Super easy and inexpensive. There are similar products on eBay if you want to save even more.
 

Kevhunts

"For every one you see, you probably missed three"
Founding Member
2011 Site Supporter
2012 Site Supporter
2013 Site Supporter
2014 Site Supporter
Joined
Oct 9, 2010
Messages
747
Location
Delaware, USA
If you have the service manual and a paper clip , you can test the ABS pump, valves, etc. and circulate the fluid inside right in your garage. Flush the system normally first, then flush the system again after the test.
 

holligl

Find the road less traveled...
Joined
Nov 13, 2015
Messages
2,327
Location
IL/AZ
Is a single container enough to do the full brake system and clutch? I guess I will use the Yamaha fluid to avoid any composition interaction.

Sent from my SM-N900V using Tapatalk
 

Dogdaze

Well-Known Member
Joined
Sep 17, 2014
Messages
3,040
Location
Solothurn, Switzerland
holligl said:
Is a single container enough to do the full brake system and clutch? I guess I will use the Yamaha fluid to avoid any composition interaction.

Sent from my SM-N900V using Tapatalk
How much is a single container? 500ml should be more than enough.
 

holligl

Find the road less traveled...
Joined
Nov 13, 2015
Messages
2,327
Location
IL/AZ
8 Oz bottles. When I picked it up the Dealer indicated it depends on your flushing process. For example if you exercise the ABS and then re-bleed you will use more. I went ahead and got two just in case.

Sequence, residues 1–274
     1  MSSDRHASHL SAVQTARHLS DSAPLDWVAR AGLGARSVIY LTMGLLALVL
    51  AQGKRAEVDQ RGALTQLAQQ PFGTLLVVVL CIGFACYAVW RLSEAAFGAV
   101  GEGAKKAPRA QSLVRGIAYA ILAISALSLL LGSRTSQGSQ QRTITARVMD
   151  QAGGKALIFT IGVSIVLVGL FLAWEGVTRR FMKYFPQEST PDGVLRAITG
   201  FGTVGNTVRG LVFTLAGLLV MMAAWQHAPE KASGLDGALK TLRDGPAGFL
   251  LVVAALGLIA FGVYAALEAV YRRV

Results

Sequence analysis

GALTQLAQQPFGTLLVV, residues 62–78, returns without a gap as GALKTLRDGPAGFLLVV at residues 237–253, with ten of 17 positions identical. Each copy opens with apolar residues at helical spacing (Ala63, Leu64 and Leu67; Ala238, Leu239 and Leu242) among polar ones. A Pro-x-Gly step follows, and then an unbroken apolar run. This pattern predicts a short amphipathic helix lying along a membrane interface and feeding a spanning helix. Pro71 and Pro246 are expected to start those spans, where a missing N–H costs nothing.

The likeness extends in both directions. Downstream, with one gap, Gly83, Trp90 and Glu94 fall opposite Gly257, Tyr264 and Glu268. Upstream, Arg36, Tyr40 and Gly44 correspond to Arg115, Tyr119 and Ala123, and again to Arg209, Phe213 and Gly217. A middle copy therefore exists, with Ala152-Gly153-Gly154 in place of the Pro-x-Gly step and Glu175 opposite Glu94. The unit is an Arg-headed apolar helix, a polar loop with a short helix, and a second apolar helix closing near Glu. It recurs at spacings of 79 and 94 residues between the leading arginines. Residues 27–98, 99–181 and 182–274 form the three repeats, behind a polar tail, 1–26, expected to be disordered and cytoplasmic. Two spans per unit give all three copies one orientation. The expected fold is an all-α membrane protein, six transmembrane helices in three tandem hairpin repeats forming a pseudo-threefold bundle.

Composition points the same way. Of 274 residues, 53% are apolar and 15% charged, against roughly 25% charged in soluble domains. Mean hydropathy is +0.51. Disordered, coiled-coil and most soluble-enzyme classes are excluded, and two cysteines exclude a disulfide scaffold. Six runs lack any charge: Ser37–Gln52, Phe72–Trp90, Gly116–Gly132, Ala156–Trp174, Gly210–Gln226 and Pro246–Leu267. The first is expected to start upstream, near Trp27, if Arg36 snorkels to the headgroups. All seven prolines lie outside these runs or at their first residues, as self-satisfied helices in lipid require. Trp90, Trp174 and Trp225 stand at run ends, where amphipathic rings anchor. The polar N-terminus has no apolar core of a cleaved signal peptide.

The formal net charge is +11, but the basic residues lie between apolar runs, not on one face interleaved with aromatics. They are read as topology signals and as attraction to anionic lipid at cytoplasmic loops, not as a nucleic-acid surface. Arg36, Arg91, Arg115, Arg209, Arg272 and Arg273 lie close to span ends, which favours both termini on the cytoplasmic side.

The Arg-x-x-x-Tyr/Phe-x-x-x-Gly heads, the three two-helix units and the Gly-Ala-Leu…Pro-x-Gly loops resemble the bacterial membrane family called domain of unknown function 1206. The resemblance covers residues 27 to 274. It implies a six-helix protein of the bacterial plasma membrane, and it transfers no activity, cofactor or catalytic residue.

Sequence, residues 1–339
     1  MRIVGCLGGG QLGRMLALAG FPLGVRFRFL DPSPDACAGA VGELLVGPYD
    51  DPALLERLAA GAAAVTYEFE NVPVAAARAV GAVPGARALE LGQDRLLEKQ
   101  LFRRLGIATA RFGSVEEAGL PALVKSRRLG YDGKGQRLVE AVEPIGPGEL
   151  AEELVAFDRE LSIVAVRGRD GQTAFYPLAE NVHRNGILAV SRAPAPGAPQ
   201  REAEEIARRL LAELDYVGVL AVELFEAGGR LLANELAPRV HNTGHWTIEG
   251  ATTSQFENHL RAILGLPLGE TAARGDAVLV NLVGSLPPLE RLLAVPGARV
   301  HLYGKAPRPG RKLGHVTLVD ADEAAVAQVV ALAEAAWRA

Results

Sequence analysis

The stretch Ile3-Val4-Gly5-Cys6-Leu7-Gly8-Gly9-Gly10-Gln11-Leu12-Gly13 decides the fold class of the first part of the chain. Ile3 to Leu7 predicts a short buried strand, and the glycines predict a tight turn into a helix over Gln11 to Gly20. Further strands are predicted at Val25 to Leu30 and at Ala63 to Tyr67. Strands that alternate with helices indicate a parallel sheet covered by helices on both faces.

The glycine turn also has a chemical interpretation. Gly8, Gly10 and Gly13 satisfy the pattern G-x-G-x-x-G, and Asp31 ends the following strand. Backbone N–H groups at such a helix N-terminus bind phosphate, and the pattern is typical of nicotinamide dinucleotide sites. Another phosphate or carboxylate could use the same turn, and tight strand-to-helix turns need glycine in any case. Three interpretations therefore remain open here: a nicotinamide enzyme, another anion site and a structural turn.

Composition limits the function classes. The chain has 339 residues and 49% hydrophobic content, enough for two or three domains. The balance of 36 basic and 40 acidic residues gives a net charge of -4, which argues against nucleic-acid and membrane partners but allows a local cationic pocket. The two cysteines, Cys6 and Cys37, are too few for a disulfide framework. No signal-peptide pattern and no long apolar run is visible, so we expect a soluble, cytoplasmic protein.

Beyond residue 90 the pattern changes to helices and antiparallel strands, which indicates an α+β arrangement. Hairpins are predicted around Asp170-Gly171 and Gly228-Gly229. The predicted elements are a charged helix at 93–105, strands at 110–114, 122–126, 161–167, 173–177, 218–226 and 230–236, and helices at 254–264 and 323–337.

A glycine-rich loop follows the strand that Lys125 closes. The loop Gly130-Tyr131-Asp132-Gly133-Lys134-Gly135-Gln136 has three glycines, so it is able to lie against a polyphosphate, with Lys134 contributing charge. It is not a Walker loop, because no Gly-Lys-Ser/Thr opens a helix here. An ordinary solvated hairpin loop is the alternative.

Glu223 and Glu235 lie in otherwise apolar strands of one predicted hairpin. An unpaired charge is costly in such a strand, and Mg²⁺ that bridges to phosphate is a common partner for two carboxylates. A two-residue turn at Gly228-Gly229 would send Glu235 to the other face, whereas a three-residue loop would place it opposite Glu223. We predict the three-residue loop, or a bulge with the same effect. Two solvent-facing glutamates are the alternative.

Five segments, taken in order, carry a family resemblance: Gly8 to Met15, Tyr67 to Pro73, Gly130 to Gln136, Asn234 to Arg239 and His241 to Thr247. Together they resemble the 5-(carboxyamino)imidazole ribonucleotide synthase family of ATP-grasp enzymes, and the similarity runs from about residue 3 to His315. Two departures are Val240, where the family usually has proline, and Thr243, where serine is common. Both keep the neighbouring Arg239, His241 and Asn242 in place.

Sent from my SM-N900V using Tapatalk
 

holligl

Find the road less traveled...
Joined
Nov 13, 2015
Messages
2,327
Location
IL/AZ
Kevhunts said:
If you have the service manual and a paper clip , you can test the ABS pump, valves, etc. and circulate the fluid inside right in your garage. Flush the system normally first, then flush the system again after the test.
Can you clarify which of the four connections are closed (or the wiring of test connector 90890-03149) for the test on 4-79 - 4-80?
Based on the pictures in the manual, I would assume the top two, but I would rather know than assume.

Wiring diagram item 66 ABS test coupler shows a light blue top left, Black top right, Light green bottom left, and white/red bottom right.
 

Kevhunts

"For every one you see, you probably missed three"
Founding Member
2011 Site Supporter
2012 Site Supporter
2013 Site Supporter
2014 Site Supporter
Joined
Oct 9, 2010
Messages
747
Location
Delaware, USA
holligl said:
Can you clarify which of the four connections are closed (or the wiring of test connector 90890-03149) for the test on 4-79 - 4-80?
Based on the pictures in the manual, I would assume the top two, but I would rather know than assume.

Wiring diagram item 66 ABS test coupler shows a light blue top left, Black top right, Light green bottom left, and white/red bottom right.
Jump the sky blue to black wires.
 
Top